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Legal Hacking to Solve Tech Policy Problems

Companies rapidly innovate to develop new technologies and business models, yet often the law lags behind, creating significant problems for both companies and users. However, the tech industry is not helpless in the face of these structural obstacles – we can "hack" the legal system to create workarounds so that our industry is not dependent on the legal or political system to solve these problems.

Some of these system failures include:
-a privacy framework that often denies consumers clear information and fair choice
-a patent system that enables patent trolls to extort promising start-ups
-a copyright approach that allows rights holders to bully content creators
-terms of services that strip users of their rights

This panel of legal and policy experts will review the innovative approach of legal hacking, examine specific solutions that are being implemented, and explore new ways that creative thinking can be solve legal and policy problems.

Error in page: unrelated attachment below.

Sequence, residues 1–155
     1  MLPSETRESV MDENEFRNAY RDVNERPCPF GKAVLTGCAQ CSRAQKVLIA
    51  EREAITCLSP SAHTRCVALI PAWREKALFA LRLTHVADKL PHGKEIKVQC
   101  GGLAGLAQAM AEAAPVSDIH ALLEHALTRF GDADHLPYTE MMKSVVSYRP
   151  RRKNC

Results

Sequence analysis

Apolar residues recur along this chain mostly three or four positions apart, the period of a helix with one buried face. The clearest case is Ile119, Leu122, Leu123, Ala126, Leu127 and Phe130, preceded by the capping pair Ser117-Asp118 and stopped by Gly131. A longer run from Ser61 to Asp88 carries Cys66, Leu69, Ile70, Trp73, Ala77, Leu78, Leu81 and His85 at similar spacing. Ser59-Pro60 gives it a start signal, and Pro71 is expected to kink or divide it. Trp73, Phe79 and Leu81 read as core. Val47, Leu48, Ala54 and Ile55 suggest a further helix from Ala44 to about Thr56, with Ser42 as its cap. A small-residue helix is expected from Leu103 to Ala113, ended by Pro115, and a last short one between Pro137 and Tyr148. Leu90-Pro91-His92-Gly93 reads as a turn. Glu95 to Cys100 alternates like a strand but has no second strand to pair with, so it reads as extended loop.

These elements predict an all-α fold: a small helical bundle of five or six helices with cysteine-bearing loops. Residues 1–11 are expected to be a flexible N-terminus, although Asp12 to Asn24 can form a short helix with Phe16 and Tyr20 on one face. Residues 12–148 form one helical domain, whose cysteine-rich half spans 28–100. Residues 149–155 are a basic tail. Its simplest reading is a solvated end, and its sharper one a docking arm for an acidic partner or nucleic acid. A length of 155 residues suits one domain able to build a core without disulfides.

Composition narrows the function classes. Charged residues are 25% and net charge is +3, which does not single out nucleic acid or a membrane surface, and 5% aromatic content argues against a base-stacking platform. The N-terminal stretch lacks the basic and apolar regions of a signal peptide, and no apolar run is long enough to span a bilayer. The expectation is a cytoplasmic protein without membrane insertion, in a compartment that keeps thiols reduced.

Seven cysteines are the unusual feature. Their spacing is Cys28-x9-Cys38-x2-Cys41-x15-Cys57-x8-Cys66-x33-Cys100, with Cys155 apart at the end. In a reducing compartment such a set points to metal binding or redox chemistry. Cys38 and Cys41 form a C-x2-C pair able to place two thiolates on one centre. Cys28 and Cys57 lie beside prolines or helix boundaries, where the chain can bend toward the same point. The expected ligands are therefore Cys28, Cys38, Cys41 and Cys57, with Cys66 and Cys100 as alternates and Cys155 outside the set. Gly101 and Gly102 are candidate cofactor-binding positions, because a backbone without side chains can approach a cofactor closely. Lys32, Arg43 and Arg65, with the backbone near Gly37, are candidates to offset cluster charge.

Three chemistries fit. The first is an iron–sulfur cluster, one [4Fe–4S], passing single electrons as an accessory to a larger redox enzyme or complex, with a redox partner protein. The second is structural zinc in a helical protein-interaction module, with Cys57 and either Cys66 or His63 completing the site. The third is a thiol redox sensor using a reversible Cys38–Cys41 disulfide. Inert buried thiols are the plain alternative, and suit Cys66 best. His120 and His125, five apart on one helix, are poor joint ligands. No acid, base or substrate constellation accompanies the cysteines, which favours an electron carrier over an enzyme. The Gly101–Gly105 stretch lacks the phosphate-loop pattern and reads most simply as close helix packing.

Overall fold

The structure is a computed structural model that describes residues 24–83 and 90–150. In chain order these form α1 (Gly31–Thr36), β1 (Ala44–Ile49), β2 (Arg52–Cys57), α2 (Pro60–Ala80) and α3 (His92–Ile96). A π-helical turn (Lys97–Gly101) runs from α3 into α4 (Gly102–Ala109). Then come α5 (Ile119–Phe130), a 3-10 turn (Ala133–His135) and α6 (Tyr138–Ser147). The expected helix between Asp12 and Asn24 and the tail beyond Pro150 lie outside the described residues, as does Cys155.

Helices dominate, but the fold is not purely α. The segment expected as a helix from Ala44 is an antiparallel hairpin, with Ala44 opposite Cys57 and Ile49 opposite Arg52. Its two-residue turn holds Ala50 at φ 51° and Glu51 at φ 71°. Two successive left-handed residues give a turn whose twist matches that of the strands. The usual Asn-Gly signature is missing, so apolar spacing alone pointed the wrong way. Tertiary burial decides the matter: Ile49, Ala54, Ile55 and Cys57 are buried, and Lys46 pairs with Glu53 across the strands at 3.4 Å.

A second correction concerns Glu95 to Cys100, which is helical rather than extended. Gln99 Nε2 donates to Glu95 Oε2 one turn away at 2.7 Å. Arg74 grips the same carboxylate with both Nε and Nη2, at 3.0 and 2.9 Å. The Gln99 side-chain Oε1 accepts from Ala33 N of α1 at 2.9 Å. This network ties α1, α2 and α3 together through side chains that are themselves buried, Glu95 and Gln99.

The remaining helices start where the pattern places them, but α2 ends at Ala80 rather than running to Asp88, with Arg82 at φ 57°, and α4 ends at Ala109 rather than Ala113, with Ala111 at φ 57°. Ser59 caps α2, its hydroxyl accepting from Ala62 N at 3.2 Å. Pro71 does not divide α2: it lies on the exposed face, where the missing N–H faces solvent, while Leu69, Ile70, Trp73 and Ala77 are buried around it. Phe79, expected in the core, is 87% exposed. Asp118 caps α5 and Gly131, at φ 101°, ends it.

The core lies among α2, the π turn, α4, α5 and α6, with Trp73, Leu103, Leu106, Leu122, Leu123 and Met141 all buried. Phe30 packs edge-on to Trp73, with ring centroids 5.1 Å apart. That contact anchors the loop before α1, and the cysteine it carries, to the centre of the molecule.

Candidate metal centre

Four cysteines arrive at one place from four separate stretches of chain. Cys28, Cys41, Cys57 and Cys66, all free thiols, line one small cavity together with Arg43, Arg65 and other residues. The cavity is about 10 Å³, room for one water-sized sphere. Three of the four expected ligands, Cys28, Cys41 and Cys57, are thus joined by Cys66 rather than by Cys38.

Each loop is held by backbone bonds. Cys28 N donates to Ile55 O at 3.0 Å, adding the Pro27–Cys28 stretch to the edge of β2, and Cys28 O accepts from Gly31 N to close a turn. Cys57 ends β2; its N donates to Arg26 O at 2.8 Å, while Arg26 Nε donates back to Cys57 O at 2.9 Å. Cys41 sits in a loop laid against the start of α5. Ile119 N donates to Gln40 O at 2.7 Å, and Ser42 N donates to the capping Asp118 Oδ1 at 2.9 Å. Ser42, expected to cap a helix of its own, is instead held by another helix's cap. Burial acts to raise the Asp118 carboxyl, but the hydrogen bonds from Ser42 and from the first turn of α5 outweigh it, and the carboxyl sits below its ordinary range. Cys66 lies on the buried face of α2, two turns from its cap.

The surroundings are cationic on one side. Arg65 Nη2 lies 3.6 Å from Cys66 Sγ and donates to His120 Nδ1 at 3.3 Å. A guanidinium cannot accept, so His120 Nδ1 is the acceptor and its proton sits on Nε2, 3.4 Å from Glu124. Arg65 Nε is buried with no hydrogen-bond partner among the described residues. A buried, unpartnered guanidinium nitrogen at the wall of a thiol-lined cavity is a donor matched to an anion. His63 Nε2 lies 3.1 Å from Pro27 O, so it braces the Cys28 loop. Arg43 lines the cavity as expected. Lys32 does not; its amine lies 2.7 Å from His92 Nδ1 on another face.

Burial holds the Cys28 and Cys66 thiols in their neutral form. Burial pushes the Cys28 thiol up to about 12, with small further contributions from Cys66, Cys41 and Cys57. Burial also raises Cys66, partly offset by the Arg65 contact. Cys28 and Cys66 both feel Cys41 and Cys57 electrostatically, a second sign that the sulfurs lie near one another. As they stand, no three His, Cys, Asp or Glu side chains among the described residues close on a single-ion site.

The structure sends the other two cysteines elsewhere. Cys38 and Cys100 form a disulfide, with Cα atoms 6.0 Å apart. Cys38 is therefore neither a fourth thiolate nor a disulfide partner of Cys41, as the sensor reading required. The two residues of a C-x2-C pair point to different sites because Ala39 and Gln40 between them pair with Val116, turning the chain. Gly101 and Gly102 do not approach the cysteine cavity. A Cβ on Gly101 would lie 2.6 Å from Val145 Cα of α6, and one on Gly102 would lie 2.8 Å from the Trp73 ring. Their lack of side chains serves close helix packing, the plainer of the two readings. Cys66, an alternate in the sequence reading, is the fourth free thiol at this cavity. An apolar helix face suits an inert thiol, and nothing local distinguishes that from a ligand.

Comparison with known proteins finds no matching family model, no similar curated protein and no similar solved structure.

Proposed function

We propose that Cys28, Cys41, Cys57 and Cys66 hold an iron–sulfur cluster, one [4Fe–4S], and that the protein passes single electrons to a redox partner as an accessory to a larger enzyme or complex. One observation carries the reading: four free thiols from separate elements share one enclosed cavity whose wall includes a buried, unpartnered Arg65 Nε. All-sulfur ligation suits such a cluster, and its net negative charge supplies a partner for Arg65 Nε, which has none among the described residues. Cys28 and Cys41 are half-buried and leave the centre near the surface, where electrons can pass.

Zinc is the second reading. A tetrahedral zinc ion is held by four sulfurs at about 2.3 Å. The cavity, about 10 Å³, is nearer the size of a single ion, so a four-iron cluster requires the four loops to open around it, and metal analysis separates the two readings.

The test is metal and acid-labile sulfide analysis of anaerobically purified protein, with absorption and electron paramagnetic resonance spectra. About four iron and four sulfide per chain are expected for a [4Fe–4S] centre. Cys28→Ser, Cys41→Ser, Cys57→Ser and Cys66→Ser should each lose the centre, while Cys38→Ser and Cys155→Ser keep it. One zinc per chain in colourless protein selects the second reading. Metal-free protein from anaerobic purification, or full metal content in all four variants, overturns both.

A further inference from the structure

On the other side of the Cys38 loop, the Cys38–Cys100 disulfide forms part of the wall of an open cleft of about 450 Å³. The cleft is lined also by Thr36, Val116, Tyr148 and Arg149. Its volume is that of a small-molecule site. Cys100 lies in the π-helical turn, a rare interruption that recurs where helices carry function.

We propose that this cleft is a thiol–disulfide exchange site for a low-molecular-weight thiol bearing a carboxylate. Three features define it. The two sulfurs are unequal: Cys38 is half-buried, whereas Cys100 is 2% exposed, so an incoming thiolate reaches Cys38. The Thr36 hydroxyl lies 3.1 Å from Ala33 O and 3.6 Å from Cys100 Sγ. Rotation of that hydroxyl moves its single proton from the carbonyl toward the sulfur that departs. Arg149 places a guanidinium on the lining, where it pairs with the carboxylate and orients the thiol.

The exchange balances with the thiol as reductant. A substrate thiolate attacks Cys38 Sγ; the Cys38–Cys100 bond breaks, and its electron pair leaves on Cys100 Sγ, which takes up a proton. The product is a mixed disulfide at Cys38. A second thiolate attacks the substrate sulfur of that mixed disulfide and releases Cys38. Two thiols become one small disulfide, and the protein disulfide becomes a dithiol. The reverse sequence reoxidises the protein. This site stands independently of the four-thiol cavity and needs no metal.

Additional Supporting Materials


  1. Why are legal and regulatory regimes often unable to keep pace with technological innovation and change? Is there anything that can be done to change this?
  2. What are the policy problems that arise when the legal system does not keep pace with technological innovation?
  3. What are the approaches that policy experts and companies can use to overcome these problems and offer solutions to the technology community and consumers?
  4. What are some specific "legal hacks" in the areas of patent, privacy, copyright, terms of service, and contracts that have been developed and implemented by companies to solve these problems? How can this thinking be applied to other areas?
  5. What are some radical “though experiments” that we can perform to re-imagine a legal and regulatory regime that offers solutions rather than creating problems?



David Pashman, General Counsel, Meetup, Inc.

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